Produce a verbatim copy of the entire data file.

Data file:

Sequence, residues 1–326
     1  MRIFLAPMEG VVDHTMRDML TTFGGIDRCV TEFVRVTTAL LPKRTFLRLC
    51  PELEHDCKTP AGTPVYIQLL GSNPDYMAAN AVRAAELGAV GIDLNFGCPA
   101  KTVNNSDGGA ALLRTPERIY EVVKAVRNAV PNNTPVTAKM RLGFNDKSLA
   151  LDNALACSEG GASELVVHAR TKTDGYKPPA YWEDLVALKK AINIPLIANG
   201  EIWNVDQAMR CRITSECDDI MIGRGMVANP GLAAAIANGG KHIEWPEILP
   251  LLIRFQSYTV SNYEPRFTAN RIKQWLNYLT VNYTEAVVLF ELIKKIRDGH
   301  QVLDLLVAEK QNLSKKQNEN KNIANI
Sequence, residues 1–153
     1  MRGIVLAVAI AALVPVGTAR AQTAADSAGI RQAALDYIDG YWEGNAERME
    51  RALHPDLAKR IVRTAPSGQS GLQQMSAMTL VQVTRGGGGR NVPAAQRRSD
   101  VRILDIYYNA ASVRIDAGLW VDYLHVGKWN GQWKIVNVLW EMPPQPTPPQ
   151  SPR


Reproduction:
Sequence, residues 1–326
     1  MRIFLAPMEG VVDHTMRDML TTFGGIDRCV TEFVRVTTAL LPKRTFLRLC
    51  PELEHDCKTP AGTPVYIQLL GSNPDYMAAN AVRAAELGAV GIDLNFGCPA
   101  KTVNNSDGGA ALLRTPERIY EVVKAVRNAV PNNTPVTAKM RLGFNDKSLA
   151  LDNALACSEG GASELVVHAR TKTDGYKPPA YWEDLVALKK AINIPLIANG
   201  EIWNVDQAMR CRITSECDDI MIGRGMVANP GLAAAIANGG KHIEWPEILP
   251  LLIRFQSYTV SNYEPRFTAN RIKQWLNYLT VNYTEAVVLF ELIKKIRDGH
   301  QVLDLLVAEK QNLSKKQNEN KNIANI
Sequence, residues 1–153
     1  MRGIVLAVAI AALVPVGTAR AQTAADSAGI RQAALDYIDG YWEGNAERME
    51  RALHPDLAKR IVRTAPSGQS GLQQMSAMTL VQVTRGGGGR NVPAAQRRSD
   101  VRILDIYYNA ASVRIDAGLW VDYLHVGKWN GQWKIVNVLW EMPPQPTPPQ
   151  SPR